Madonna and the Minimoys

Luc Besson's latest premieres in London

Madonna and the Minimoys

by Willow Green |
Published on

Call them Minimoys, call them Invisibles, we’re still not entirely sure what the hell those little critters of Luc Besson’s are, but the people at the Vue Leicester Square this evening are significantly more excited about a certain cast member-cum-ultra hyper mega superstar than about some cute CGI. Tonight the whole thing’s about Madonna, who has a supporting role in the film – god we hope she Vogues for us.

When young Arthur (the ubiquitous and thoroughly nice Freddie Highmore) finds out that his grandparents’ house is in danger of being knocked down, he goes treasure hunting in the magical world of the Minimoys to try and save the day. Arthur and the Invisibles is Besson’s most visually adventurous film to date. Part live action, part computer animated, it took so long to make that Besson scribbled off a few children’s books about the characters in the meantime.

”The books I dashed off in maybe two weeks,” he said. “The film, a lot longer!” Five years to be exact, and it annoyed Besson so much that he took a break to make the quirky Parisian comedy Angel-A. “I couldn’t stand the film anymore,” he said. “It was so hard to do and after working with 300 computer guys I just wanted to go back to real shooting. I hate the process because when you spend 30 million euros and after two and a half years you’re still not seeing one second because they’re still calculating. It’s very frustrating. I’m used to grabbing the camera and actors, and screaming and laughing. Here you have to be patient.”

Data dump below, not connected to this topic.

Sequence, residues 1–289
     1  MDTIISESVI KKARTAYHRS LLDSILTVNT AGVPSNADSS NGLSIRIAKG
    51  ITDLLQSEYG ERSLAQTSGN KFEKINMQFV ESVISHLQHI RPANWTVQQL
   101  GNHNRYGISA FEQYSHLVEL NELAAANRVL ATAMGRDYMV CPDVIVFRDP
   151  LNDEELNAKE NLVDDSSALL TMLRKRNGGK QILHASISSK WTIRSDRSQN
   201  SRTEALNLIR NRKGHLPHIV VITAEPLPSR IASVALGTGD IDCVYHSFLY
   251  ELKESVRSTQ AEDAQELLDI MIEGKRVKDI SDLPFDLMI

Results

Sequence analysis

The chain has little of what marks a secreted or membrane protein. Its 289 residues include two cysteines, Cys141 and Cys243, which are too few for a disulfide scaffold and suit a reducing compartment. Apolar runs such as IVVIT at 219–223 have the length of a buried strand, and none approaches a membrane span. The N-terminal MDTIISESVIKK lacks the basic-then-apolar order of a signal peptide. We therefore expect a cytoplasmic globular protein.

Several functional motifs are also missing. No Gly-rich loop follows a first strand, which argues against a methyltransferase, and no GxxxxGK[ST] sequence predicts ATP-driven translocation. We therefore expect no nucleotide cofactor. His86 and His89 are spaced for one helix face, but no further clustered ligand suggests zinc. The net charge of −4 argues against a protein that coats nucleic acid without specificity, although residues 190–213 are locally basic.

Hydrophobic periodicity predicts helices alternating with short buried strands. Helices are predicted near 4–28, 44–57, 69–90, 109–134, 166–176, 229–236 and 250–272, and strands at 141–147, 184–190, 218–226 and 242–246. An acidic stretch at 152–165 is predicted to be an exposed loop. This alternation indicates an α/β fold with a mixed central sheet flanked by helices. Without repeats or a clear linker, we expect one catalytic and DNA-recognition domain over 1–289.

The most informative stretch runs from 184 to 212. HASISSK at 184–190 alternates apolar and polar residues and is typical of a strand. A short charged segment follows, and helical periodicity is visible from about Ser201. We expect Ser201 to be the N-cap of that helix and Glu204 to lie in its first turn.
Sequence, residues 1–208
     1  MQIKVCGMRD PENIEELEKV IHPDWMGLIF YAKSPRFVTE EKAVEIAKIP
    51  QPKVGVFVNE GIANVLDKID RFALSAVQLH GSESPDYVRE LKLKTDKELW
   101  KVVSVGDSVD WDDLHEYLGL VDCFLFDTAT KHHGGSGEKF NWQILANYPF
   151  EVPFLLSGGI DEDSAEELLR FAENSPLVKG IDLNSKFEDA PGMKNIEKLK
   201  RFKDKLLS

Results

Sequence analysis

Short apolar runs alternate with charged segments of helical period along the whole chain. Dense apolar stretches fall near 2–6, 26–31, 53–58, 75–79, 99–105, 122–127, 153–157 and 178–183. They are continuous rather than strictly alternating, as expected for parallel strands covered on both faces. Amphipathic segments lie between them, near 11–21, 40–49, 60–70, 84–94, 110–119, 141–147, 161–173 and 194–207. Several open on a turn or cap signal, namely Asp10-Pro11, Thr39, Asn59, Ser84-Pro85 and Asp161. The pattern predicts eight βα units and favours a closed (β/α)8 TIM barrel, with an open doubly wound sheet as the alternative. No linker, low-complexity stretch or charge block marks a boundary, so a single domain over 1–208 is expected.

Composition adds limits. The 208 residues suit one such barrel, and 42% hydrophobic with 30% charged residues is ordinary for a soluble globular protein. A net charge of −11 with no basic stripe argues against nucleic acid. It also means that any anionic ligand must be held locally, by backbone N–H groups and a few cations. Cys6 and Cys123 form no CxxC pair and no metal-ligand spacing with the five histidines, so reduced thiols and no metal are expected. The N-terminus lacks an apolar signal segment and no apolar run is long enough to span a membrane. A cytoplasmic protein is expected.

Patience has obviously paid-off because Besson’s next project is going to be the sequel: “I’m a little crazy but now I love it so much!”

While Madonna’s recent forays into actual acting haven’t exactly paid off (cough Swept Away cough) she’s back as the voice of Princess Selenia, the kick-ass heroine of the Minimoy world who also happens to be Arthur’s love interest. Arthur who is played by 14-year-old Freddie Highmore. Not creepy at all that really, is it?

“It might have been a bit odd if she was right next to me but I never actually met her,” grins Highmore. “Getting to do live action and animation at the same time was great though, it was a new thing for me to do the voiceover.”

Next thing you know, there’s absolute silence in the cinema foyer as Madonna, Guy Ritchie and family come up the red carpet. Photographers, PRs and journalists aren’t the most naturally quiet people in the world, but you could have heard a Minimoy drop. In fact, all the journalists seem to be so stunned that it was up to a child reporter to actually ask the questions to the diminuitive star, with everyone else mentally running through the dance routine to ‘Like A Virgin’.

”I like how tough (Selenia) was,” Madonna said. “She knew how to use a sword and I thought she was clever and intelligent. And the happy ending, the good guys win in the end.” Not exactly the most verbose red carpet interview we’ve ever had – that was three answers right there – but on the other hand, we’ve just stared at Madonna. And Luc Besson. We’re quite fine with that.

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